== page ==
So I've updated you on the Rams and Cardinals but few of you really seemed to care, immediately jumping to "Can we talk about the 49ers?" It seems that every teams fanbase in the division believes that they are at war with the Niners and hates the Niners while they're pretty ambivalent about the other two teams that aren't the Niners and I'd say most of us agree.
It's been so long since the Rams were relevant, and then after the Rams it was the Hawks, and then briefly the Cardinals, and now the 49ers are atop the division for the first time in a decade. Of course, I believe much of this hate comes from the fact that between Joe Montana, Jerry Rice, and Steve Young, the 49ers had one of the greatest dynasties of all time. They were super successful, and so naturally, we kind of hate them. Sure, there are plenty of reasons to dislike the 49ers and their current incarnation, but it all begins with the fact that like the Cowboys, the Yankees, or the Lakers, we hate them because they've had so much and we've had so little. It just doesn't seem fair.
Of course, much of that is perspective. San Francisco hadn't made the playoffs since 2002 and they haven't had Steve Young since 1998, and they were mostly mediocre until last season, but when they do get these runs of success we immediately think, "NO! NOT YOU! ANYONE BUT YOU!" because I know that personally I was like "Oh neat, Cardinals" when they went to the Super Bowl and I would have felt nothing if they had won. In fact, I wish they had beaten those rotten Steelers.
But under Jim Harbaugh there is hope again. They've got some great players like Patrick Willis and Vernon Davis and they're coming off of a season in which they lost three games by a combined fifteen points and an OT loss to the Giants in the NFC Championship game. Even with regression, the 49ers should be good again and the favorite to win the West by most people. What have they done since that OT loss? Let's check in.
2011 Record: 13-3
Standard League Offensive Rankings: 11th scoring offense, 26th total offense, 29th passing offense, 24th passing touchdowns, 1st interceptions thrown, 20th yards per attempt, 8th rushing offense, 12th rushing touchdowns, 19th yards per carry, 1st in turnovers and turnover differential.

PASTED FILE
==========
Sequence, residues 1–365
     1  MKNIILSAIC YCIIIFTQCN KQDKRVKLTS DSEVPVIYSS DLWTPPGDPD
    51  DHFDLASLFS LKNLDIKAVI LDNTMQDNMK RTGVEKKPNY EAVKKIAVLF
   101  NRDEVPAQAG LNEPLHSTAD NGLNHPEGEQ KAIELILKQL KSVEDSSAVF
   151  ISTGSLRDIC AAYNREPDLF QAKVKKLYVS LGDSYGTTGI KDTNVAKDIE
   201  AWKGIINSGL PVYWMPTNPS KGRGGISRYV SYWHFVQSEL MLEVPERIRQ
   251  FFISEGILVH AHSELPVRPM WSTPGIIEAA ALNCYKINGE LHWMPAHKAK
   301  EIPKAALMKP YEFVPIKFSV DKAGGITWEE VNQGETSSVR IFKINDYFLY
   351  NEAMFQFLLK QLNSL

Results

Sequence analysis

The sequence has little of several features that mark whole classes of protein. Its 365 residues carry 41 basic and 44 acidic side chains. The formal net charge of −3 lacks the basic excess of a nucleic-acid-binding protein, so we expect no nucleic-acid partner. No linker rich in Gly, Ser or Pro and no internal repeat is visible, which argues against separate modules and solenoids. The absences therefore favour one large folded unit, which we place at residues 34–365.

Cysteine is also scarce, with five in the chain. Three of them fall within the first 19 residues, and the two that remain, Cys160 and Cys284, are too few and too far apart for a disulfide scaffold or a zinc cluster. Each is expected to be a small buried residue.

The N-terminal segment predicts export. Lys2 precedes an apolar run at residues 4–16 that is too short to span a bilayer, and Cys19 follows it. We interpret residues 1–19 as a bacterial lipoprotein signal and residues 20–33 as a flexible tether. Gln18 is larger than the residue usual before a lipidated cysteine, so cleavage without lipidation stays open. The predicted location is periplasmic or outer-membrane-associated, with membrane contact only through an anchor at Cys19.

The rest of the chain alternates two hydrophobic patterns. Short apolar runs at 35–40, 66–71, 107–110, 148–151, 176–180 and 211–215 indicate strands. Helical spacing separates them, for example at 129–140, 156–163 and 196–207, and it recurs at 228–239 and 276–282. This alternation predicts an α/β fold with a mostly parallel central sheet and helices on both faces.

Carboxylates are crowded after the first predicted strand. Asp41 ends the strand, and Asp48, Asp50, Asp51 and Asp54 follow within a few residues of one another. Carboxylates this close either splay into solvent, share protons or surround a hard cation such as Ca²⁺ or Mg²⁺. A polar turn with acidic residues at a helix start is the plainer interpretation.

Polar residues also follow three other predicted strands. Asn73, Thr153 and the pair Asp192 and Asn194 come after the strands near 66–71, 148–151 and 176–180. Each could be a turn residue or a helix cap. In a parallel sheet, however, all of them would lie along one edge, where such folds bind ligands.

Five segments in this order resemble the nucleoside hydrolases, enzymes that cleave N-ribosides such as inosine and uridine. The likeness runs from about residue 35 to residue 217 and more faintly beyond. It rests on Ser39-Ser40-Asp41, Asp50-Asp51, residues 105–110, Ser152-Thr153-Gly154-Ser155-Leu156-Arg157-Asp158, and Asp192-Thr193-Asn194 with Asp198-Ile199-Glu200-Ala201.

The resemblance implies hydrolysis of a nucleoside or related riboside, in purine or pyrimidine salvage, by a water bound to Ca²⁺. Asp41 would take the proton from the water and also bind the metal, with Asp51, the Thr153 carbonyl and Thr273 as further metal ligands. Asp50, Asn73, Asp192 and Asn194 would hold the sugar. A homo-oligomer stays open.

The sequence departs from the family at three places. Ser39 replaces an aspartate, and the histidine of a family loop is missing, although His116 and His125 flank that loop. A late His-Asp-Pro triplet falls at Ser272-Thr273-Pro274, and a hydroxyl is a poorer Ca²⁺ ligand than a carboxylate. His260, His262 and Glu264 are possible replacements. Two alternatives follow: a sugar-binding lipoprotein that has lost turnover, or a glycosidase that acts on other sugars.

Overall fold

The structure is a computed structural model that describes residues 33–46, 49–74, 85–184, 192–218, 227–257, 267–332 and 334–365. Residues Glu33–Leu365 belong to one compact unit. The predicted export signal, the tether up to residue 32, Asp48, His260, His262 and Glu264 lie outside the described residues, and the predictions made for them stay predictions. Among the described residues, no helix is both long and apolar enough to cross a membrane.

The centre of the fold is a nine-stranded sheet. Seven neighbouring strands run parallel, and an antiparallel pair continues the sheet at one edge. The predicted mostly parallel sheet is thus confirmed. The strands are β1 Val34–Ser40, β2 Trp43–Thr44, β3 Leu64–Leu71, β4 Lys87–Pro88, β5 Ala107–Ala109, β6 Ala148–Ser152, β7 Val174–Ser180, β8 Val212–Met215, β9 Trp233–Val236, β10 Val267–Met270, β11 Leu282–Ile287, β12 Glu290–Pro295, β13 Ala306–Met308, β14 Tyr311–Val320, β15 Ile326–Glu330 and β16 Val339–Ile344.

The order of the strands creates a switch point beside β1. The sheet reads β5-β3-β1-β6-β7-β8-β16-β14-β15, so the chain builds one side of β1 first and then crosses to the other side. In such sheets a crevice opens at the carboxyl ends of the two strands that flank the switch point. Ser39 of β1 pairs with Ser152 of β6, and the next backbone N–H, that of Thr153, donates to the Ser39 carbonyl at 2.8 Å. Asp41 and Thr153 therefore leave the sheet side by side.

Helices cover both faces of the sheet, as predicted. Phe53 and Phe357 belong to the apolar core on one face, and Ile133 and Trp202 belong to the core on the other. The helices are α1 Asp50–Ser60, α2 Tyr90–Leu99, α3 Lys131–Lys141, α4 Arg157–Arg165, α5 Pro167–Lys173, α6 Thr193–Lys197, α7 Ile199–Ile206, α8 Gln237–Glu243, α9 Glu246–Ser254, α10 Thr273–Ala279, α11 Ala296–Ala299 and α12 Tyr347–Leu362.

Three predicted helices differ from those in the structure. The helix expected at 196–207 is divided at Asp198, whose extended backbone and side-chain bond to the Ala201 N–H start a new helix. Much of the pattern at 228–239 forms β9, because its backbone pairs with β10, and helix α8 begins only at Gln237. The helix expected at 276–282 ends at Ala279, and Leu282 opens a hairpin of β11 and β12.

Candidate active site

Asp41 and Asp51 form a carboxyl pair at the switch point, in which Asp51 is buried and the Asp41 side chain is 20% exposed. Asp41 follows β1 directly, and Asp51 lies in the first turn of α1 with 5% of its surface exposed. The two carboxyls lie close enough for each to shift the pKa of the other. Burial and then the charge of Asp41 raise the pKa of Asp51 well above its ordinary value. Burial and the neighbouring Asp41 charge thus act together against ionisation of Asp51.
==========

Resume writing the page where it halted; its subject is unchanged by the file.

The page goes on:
Standard League Defensive Rankings: 2nd scoring defense, 4th total defense, 16th passing defense, 8th passing touchdowns, 2nd in interceptions, 9th in yards per attempt, 1st rushing defense, 1st rushing touchdowns allowed, 1st yards per carry allowed, 1st in turnovers forced.
Football Outsiders: 24th in Offensive DVOA, 15th in Weighted Offense, 12th in passing offense, 24th in rushing offense, 13th in Defensive DVOA, 6th in Weighted Defense, 8th in passing defense, 1st in rushing defense, 8th against #1 WR, 6th against #2 WR, 17th against other WR, 6th against TE, 20th against RB in the passing game.
2011 Head Coach: Jim Harbaugh enters his 2nd season with San Francisco, as does GM Trent Baalke. (Seriously, where have we been on the Balki jokes?) Greg Roman enters his 2nd season as Offensive Coordinator, and Vic Fangio his 2nd as the Defensive Coordinator.
Key Free Agent Signings: QB Josh Johnson, RB Brandon Jacobs, WR Mario Manningham, WR Randy Moss, CB Perrish Cox, RB Rock Cartwright.
Losses: G Adam Snyder, WR Josh Morgan, LB Blake Costanzo, S Reggie Smith.
Key Draft Picks: WR A.J. Jenkins, RB LaMichael James, G Joe Looney
Is it genius to use the logic that "Alex Smith is never going to be an elite passer so the best thing we can do is utilize his strengths when we can and just never ask him to pass the ball"? The 49ers were 2nd-to-last in the NFL in pass attempts in 2011 and wound up throwing only five interceptions in the limited amount of time and low-pressure situations that Smith was asked to work with.